Essentially The National party and modern business has created a weird dynamic of unskilled workers on minimum wages, toxic bureaucrats that can’t do their jobs, Crony board members who serve on multiple boards that use neoliberal ideology for decision making or actually just can’t make any sort of decision apart from short sighted penny pinching, failed lawyers and accountancy fraud, where increasingly workers are forced to be self employed or employers themselves.

    If Labour want to get popular support, it would be to eradicate workplace toxicity and make employment clear and fair by law. A government body that actually works for employment disputes (not takes years and zero outcomes for any parties).

  8. Chch_chiquita 8

    I’m an employer and I have no issues at all with Labour’s policy. In fact, I have no issues with any of their policies and am working damn hard to get them elected. I would have liked them to go even a step further and limit CEOs salary to no more than 10 times that of the lowest paid employee, including those who are employed via agency. But I guess you need to start somewhere.

    So please, don’t put all employers in one basket. Some of us actually look after our employees. I think it is those who are looking to benefit from the race to the bottom who are complaining.

    • weka 8.1

      well said.

    • RedLogix 8.2

      Thank you. And you have plenty of good company; there are many SME employers who look after their people like family.

      So please, don’t put all employers in one basket

      Absolutely fair cop. The political left has all too often completely failed to connect.

    • Psych nurse 8.3

      So if a CEO only gets 10 times the salary of the lowest paid employee then they only get a pay rise by increasing the salary of the lowest paid, good idea.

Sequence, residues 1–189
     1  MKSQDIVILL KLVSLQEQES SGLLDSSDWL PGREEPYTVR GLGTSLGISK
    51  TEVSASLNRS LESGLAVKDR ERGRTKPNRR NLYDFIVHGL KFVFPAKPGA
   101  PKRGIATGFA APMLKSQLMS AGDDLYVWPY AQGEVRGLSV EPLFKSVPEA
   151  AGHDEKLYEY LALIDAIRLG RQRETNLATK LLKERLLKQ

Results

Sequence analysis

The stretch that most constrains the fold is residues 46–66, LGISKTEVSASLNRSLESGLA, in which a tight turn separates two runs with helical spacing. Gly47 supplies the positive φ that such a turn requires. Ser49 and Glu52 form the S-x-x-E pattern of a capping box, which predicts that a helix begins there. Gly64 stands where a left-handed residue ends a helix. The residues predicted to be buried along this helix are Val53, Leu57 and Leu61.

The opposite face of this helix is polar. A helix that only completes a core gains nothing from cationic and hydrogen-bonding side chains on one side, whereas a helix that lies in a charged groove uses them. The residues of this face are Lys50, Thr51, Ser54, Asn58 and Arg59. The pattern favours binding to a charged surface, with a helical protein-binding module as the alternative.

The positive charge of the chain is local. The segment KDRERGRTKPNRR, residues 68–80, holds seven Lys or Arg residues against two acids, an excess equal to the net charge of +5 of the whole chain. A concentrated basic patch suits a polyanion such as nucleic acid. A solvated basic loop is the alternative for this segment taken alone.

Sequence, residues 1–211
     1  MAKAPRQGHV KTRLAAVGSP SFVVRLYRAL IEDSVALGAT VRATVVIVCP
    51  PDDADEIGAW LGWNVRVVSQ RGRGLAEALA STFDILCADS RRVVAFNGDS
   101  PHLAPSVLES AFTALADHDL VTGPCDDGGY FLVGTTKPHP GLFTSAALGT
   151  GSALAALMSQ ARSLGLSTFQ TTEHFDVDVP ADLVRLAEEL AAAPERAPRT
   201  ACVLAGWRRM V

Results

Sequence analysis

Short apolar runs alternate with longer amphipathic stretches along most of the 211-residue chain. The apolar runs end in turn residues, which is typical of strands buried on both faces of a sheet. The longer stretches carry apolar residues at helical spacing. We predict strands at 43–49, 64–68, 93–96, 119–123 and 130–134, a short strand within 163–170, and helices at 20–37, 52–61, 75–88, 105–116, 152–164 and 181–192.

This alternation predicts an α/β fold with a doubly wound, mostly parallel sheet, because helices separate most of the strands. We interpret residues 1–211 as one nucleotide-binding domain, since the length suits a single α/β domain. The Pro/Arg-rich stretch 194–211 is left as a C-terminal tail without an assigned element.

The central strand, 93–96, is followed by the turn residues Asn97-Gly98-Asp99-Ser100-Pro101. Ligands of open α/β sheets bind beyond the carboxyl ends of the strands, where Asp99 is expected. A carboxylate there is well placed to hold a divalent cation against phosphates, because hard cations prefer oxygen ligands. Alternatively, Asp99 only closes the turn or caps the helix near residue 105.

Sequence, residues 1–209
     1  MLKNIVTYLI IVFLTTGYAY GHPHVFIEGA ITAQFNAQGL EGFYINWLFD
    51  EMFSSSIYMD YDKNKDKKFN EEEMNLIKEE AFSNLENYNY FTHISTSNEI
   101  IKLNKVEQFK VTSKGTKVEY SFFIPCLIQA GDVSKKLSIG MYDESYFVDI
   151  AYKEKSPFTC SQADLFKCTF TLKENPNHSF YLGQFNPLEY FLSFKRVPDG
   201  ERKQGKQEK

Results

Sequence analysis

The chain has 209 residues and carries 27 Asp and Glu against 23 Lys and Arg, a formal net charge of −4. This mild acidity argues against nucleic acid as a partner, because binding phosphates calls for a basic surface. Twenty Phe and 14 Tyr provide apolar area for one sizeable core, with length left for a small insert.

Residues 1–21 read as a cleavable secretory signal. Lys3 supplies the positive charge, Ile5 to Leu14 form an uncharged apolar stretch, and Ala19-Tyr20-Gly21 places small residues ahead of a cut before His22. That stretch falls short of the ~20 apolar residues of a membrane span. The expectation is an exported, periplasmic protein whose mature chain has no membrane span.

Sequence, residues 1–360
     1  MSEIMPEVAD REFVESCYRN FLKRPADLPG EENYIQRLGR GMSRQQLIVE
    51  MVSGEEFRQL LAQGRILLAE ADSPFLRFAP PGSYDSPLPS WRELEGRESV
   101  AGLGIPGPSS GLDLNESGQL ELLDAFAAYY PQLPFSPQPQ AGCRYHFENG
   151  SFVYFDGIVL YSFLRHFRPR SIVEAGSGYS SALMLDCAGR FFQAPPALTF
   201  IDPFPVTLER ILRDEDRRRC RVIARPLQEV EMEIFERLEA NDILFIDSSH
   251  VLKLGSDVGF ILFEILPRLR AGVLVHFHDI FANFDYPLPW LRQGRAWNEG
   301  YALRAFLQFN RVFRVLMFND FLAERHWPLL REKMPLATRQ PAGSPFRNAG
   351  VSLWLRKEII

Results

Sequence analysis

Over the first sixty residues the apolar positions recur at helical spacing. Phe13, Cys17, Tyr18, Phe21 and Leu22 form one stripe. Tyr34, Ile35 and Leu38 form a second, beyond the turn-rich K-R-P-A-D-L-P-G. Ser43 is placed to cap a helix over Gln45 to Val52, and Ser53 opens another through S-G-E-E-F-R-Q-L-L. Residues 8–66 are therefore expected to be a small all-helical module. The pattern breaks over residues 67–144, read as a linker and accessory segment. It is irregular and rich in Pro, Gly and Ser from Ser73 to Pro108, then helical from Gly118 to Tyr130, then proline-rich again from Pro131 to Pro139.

9. The Real Matthew 9

    I’m an employee and I think this is ridiculous policy.

    The government has no right in determining what I get paid. That is an issue for me and my employer to determine. If the government decides too low a rate I get shortchanged. If the government decides too high a rate my employer puts me under undue pressure to justify the salary they are paying me.

    If this policy ever comes to fruition we’ll see machines replacing humans and a return to the brain drain that affected this country for so long prior to the current National government reversing that trend. It’s backwards thinking and I’d seriously consider resignation and contracting back to the same company to get around these laws.

    • McFlock 9.1

      Machines are already replacing us.

      And read the Labour policy: they’re on to the old “technically a contractor but really just an employee with less benefits” dodge.

    • Carolyn_nth 9.2

      I’ve never had any possibility on my own of influencing what n employer pays me. There’s always a major power imbalance between me and my employers. So, a strong union is necessary.

      And I have also seen research that shows women tend to be less successful than men in negotiating pay.